I’m not sure whether pacifists have more fun, but I think that more of a pacifist CAN have fun.
Dean Davis


yes, thank God, they aren’t listening. The irony of all philosophical thinking is the ability to engage a lot of people on one topic but watch as their individual perceptions change the whole dynamic of the issue being discussed.

What I mean is, right now you and I are engaged in this conversation that seems interesting, intricate, and rather randomly complex. But even in the midst of our authenticity, someone else can read this and think something rather radical or even passive depending on their mental capacity and/or current temperment.

It’s fascinating, that while I beg for people to listen to one another, I am okay with little attention. It’s like you said, suddenly inactivity is FUN because we are not emotionally invested or tied to the outcome.

As far as your question about what to do, I think you have hit a philosophical debate that has plagued humanity and most of all the social work industry for a very long time.

As you know from your experience, social workers experience an incredible amount of fatigue. Not a regular days worth but one of the heart, of the soul; one that tugs at the core. You spend all day trying to help a small but growing fabric of society that seems forgotten only to come home and try to do the same for your loved ones. You turn on the news and see more socially and politically battered humans that resemble the ones you vowed to save at work. Suddenly, your iPhone 6 Plus rings and it’s the Italian restaurant that is calling to tell you they are out of that special sauce you love and reality hits; you are confronted with the truth of your privileged life.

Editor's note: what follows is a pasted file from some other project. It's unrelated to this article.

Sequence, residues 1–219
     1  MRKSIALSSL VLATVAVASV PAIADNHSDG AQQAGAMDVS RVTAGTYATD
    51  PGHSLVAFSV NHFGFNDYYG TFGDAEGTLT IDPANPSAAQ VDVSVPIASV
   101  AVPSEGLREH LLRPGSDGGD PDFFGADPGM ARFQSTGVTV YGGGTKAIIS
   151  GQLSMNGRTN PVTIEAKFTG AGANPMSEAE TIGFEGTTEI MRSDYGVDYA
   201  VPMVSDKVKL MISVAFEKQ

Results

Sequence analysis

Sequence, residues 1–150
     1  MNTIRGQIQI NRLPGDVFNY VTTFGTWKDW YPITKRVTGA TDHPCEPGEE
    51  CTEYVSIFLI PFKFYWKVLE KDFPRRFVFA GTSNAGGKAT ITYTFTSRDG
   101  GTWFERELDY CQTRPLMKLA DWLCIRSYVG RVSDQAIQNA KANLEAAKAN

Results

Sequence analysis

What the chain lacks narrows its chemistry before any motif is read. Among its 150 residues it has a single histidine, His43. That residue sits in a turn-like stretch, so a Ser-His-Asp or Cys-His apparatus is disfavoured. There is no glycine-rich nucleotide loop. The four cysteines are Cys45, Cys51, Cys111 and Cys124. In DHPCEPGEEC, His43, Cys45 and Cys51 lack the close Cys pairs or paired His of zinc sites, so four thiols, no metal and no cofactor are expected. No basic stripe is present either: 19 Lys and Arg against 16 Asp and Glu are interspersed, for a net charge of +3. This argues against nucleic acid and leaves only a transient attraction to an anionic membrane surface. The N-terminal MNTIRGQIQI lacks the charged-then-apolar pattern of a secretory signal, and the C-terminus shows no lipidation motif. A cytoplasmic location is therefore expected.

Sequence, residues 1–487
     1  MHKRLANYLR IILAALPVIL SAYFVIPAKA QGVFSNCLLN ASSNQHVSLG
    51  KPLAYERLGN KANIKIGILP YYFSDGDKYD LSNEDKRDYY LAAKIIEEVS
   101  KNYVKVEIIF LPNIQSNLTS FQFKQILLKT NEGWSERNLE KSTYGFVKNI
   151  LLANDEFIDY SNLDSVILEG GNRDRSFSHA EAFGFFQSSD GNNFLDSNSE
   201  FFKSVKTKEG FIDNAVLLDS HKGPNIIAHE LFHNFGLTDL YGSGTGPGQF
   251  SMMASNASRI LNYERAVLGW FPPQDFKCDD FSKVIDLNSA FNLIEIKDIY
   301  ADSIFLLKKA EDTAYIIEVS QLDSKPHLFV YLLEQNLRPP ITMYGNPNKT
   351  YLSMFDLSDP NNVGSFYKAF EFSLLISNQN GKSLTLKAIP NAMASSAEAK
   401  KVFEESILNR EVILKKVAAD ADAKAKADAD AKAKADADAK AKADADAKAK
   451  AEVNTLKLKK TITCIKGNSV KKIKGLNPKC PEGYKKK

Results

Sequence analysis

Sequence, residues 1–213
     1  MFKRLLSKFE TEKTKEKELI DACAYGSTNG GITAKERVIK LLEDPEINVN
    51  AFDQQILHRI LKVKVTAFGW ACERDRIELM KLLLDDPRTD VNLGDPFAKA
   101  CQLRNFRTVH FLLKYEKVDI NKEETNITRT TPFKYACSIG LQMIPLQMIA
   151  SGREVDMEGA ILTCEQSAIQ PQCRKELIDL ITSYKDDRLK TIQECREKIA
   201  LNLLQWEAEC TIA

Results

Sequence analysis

The cycle goes on and on and you are constantly trying to alleviate your guilt by condemning the very society you subscribe to. You’re constantly punishing yourself and thinking you should do more.

The truth is you should. But we all should. So what do you do?

I use to struggle with this question. I still do.

I once posed it to a colleauge of mine who knew how hard I worked to be there for my family and how much they were used to yes attitude. Here’s what a wise person once said to me in regards to this question.

“Never apologize for being happy”.

It was so simple that I couldn’t understand.

“But I’m not happy” I

And he smiled and said

“ I Know that’s because you’re too busy going against it. You think you do not deserve it because of all the other people worse off than you. If you are forever depleting your resources to tend to those with less, your resources will never be enough”.

I still struggle with it. Namely because I come from a third world country and it is engrained in our culture to help those back home.

I still volunteer when I can. I give money when I can but most of all, I try to just be kind to people. In social work, we aren’t allowed to give people anything personally because we are paid professionals. Other then connecting them to services available, we can’t do much. But I’ve been thanked before for offering a smile or a listening ear.

I would say to you, do what you can with respect to all you do already (at home, with friends etc) Sounds like I’m speaking in code but I think you can understand.

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